Next Export Front-Runner

Bangladesh’s potential to take the lead in ICT is booming with the support of artificial intelligence



By Enamul Hafiz Latifee

Published: Thu 16 Dec 2021, 6:07 PM

The last two years have been an acid test for Information and Communication Technology (ICT) in Bangladesh, with the sector faring comparatively well amid Covid-19 pandemic that suddenly shattered businesses last year. The sector has achieved $1.3 billion export earnings in FY 2020-21 with near to 100 per cent domestic value-addition holding US$1.4 billion equivalent market share in the local market earnings. This has led to a contribution of 0.76 per cent to the GDP, creating more than one million employment opportunities in Bangladesh so far. Consequentially, riding on the successes of IT/ITES sector-supported export-led industries as well as pro-private sector and conducive policies pursued by Bangladesh Government, the country is now poised to become a Developing Country by 2026, as recommended by the United Nations Committee for Development Policy (UNCDP). Bangladesh now seeks to transform itself into a knowledge-based and 4IR-driven cashless economy, aiming to become a developed country by 2041.

The ICT sector has set a target to reach the $5 billion export earnings threshold by 2025. To achieve the target progressively, the ICT sector stakeholders and the government are working hand-in-hand. Being the national trade body for software and IT enabled services industry of Bangladesh representing more than 1,700 IT/ITES firms, BASIS is tirelessly working for making Bangladesh a Shonar Bangla as our Father of the Nation, Bangabandhu Sheikh Mujibur Rahman envisioned, under the charismatic leadership of our Prime Minister Sheikh Hasina. Besides, we have seen a surge in the number of ICT freelancers that recently reached five hundred thousand, receiving $150 million export earnings just through single international payment gateway, turning Bangladesh into the second ranked ICT freelancer supplier in the world, providing ICT outsourcing services such as, image processing, customer support, software development, business processing and management outsourcing including non-verbal BPO, telemedicine, medical transcribing, customised website development, and mobile application development.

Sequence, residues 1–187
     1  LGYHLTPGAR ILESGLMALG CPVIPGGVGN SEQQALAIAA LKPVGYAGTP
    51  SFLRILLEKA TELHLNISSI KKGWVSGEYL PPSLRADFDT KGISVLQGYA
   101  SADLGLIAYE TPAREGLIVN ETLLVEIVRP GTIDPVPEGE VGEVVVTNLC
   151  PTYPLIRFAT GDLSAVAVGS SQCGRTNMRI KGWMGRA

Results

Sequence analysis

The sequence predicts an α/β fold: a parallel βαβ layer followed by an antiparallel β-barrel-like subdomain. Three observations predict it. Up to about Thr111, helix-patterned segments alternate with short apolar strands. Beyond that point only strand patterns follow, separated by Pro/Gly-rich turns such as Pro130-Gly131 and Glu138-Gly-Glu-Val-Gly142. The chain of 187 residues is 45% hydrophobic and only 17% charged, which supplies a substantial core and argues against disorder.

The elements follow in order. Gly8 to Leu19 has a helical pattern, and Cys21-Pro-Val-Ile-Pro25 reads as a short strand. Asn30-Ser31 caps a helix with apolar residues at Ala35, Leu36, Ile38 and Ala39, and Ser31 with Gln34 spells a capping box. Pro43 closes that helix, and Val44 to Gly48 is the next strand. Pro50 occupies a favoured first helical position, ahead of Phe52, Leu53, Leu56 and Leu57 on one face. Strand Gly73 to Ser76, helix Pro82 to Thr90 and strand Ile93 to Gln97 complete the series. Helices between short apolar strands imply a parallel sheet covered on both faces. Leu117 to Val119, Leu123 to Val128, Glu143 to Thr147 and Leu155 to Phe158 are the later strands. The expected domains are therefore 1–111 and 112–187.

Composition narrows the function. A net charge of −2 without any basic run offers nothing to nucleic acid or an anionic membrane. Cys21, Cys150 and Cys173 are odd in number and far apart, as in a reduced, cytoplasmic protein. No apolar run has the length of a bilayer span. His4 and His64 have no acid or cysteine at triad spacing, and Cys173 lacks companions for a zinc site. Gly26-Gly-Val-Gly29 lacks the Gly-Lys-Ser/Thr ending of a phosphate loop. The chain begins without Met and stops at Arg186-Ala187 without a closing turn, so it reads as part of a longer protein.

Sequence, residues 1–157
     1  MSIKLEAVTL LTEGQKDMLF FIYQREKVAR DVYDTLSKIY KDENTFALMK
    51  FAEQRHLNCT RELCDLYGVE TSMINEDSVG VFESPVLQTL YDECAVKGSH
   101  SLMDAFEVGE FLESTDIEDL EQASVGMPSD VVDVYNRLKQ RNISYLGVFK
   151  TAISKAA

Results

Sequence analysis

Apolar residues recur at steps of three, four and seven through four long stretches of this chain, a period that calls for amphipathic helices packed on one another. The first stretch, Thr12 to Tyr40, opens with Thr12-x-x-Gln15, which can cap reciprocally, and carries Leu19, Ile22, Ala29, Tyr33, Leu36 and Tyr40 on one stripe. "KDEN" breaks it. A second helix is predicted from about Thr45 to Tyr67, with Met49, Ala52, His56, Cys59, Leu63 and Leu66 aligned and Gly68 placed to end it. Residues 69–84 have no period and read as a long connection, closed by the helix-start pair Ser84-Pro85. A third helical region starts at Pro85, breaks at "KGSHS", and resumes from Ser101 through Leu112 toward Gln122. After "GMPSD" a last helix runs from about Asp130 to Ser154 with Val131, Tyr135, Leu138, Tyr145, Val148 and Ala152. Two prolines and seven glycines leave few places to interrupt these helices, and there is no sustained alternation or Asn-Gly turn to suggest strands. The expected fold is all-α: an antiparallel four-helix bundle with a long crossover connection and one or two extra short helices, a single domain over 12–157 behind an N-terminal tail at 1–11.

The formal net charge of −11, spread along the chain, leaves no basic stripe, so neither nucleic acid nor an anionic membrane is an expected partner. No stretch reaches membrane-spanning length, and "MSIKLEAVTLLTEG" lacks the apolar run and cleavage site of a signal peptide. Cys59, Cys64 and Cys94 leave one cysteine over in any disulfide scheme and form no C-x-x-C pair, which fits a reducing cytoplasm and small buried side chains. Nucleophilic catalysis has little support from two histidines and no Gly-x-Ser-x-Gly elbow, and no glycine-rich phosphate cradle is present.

However, the World Economic Forum tells us that 4IR-induced end-to-end automation of a supply chain in tandem with the Covid-19 recession has created a ‘double-disruption’ scenario for workforces. In addition to the existing disruption from the pandemic-persuaded lockdowns and economic shrinkage, technological adoption by businesses will transform jobs, tasks, and skills by 2025 and so on. Meanwhile, on the other hand, the Covid-19 pandemic has expedited the advent of fourth Industrial Revolution (4IR). There is no doubt that the technologies of 4IR will enhance productivity and efficiency. If Bangladesh does not want to get left behind in the world development trajectory, it must embrace and take full advantage of the benefits of 4IR by adopting the appropriate technologies which the government has started working on by initiating 'Post Covid-19 National ICT Roadmap: Overcoming the Challenges and Leveraging New Opportunities for ICT Industry.'Human resource skilled in 4IR technologies, such as, artificial intelligence, internet of things, distributed ledger, blockchain, machine learning, big data warehousing and analysis, cloud computing, augmented reality and virtual reality will be required to materialise 4IR, especially, to retain productivity and competitiveness at the global stage following the LDC graduation, while Bangladesh will also be facing a full implementation of WTO’s Trade-Related Aspects of Intellectual Property Rights (TRIPS) Agreement, export cash incentive withdrawal. Furthermore, in the backdrop of the ongoing talks on introduction of tariffs on electronic transmissions, a wide range of IT/ITES sectors may get covered. This may create a newer dimension of trade and economic diplomacy to the international IT/ITES trade if implemented. So that, domestically, a strategic overhaul of the education system is essential as the 4IR will put existing repetitive jobs at risk because of automation.